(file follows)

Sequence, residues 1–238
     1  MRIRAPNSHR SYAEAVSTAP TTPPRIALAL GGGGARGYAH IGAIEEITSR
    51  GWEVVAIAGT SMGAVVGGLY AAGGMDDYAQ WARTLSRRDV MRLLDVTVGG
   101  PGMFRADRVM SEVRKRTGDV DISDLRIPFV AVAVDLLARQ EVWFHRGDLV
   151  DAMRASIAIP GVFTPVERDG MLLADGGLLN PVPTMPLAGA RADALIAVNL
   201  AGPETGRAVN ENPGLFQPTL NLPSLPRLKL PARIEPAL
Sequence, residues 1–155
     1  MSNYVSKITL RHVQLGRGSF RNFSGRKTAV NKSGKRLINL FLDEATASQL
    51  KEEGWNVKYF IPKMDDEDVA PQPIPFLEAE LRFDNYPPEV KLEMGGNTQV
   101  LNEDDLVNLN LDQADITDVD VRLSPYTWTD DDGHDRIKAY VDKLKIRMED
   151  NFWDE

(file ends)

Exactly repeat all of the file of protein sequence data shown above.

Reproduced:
Sequence, residues 1–238
     1  MRIRAPNSHR SYAEAVSTAP TTPPRIALAL GGGGARGYAH IGAIEEITSR
    51  GWEVVAIAGT SMGAVVGGLY AAGGMDDYAQ WARTLSRRDV MRLLDVTVGG
   101  PGMFRADRVM SEVRKRTGDV DISDLRIPFV AVAVDLLARQ EVWFHRGDLV
   151  DAMRASIAIP GVFTPVERDG MLLADGGLLN PVPTMPLAGA RADALIAVNL
   201  AGPETGRAVN ENPGLFQPTL NLPSLPRLKL PARIEPAL
Sequence, residues 1–155
     1  MSNYVSKITL RHVQLGRGSF RNFSGRKTAV NKSGKRLINL FLDEATASQL
    51  KEEGWNVKYF IPKMDDEDVA PQPIPFLEAE LRFDNYPPEV KLEMGGNTQV
   101  LNEDDLVNLN LDQADITDVD VRLSPYTWTD DDGHDRIKAY VDKLKIRMED
   151  NFWDE